L&L: Did you also run conferences and research projects relating to the PS labels market? How did these relate to L&L?
MF: With a background from running – and speaking or chairing – conferences, seminars and workshops at Pira, it seemed only natural to continue those activities for an industry desperate for information and knowledge through the platforms of the magazine and the label shows. In addition, Fasson arranged for me to speak on the label market and trends at converter meetings they put together in Italy, the UK, Spain, France and even down into Australia. This was before many of the national label associations had become established. I also did in-house seminars for many of the leading industry suppliers to bring their own employees up to speed.
L&L: What are the main changes in technology and label markets you have seen since launching L&L?
MF: Looking back, it is interesting to see just how much the label industry has changed; from the evolution of rotary letterpress and rotary screen in the 1980s, to the introduction of dedicated label inks and UV-cured products, the growth of filmic materials, the development of thermal materials, variable printing technologies, the very first electronic origination systems, flexible dies, right up to today’s digital printing solutions. Self-adhesive labels have grown from a minor technology into the leading global labeling solution which, over the past 40 years, has continued to experience above GDP growth.
L&L: You knew Stan Avery – recognized as the founder of the PS label industry – very well and interviewed him for L&L. What memories do you have of Stan?
MF: I was fortunate to meet Stan on a number of occasions in the UK, Europe and America. Even well into his eighties it was fascinating to talk to him. Sitting with him in his office in Pasadena, California, we would spend considerable time discussing the industry, its growth, and the latest developments. We very much had the same thirst for knowledge and passionate interest in the world of labels.
L&L: L&L sponsored for many years a Man of Achievement Award (precursor to the R Stanton Avery Lifetime Achievement Award). Which winners stand out for you in terms of their contribution to the development of the label industry?
MF: I suppose it would have to be the real industry pioneers that created the self-adhesive industry from scratch. Stan Avery, of course, Ferdinand Rüesch Senior, Nozumo Shiwaku and Mark Andrews. Without their pioneering developments in materials and presses we wouldn’t have the label industry that we have today.
L&L: What part did you and L&L play in the development of global industry associations?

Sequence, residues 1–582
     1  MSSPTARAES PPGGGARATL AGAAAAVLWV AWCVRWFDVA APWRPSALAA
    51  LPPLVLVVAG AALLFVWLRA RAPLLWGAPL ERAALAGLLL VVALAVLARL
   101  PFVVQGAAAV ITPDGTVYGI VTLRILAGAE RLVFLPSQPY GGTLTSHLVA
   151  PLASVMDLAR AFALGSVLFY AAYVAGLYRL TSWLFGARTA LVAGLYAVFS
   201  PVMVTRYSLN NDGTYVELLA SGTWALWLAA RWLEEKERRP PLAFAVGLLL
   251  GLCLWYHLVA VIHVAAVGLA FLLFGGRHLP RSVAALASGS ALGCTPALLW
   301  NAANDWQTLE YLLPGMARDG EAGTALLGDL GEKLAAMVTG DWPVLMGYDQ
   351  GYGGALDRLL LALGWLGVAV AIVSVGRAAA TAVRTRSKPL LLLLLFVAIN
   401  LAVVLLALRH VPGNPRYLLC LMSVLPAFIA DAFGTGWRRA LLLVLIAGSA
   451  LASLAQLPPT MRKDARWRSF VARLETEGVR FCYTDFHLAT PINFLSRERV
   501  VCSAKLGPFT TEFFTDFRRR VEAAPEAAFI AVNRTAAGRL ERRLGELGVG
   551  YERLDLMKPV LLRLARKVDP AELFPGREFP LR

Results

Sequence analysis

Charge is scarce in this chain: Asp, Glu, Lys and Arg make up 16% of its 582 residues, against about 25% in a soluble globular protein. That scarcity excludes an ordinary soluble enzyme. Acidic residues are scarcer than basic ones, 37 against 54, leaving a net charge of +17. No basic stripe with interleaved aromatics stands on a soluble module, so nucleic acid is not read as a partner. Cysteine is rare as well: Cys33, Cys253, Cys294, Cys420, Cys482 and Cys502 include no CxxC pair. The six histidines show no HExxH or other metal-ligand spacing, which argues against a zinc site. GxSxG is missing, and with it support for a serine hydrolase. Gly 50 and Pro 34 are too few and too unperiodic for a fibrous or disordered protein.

MF: I would like to think it was a major role. We worked closely with and supported Finat from the beginning. I was also speaking at and supporting Latma and TLMI events from the 1980s. I regularly spoke at association meetings in Denmark and Sweden, and I was speaking at the inaugural meeting that lead to the foundation of the New Zealand Label Association (Salma).
L&L: Outside the label industry, what are your main leisure interests?
MF: Although not outside of labels, I should probably mention the setting up of the Label Academy and the writing of many of the Academy’s titles (10 books in my name so far, and more in the pipeline).
Apart from the world of labels, I also spent some 20 years running my own sailing association. A qualified Royal Yachting Association instructor and radio operator, I would race my 11 meter yacht, Mifair Lady, with a crew of 4-6 throughout the winter weekends (whatever the weather), and in the summer would run weekend courses around the east coast and also up to St Katherine’s Dock in London, or longer trips across the North Sea to Amsterdam, Ostend, Dieppe, Calais, Fecamp or the Channel Islands.
Rather different was time spent as chairman of a property company that owned a block of 52 apartments in Deal, Kent. The challenges of managing the varied interests and requirements of the many residents was a very different experience to publishing – or sailing. I also have some three acres of garden and grounds to look after.
In more recent years I have been spending time writing and publishing historical and biographical research books. Rather different to writing about labels, but nevertheless satisfying to study historical records often going back hundreds, or sometimes thousands, of years. To find that I have relatives that were prominent cotton and wool manufacturers during the Industrial Revolution, and that I have an Olympic Gold Medalist and variety artist and comedian grandfather, have been eminently rewarding.
There are still more books that need writing – both labels and historical. Looking back over 40 years of labels must take pride of place however. That’s where half of my life so far has been involved. Hopefully, there are a few more years still to come.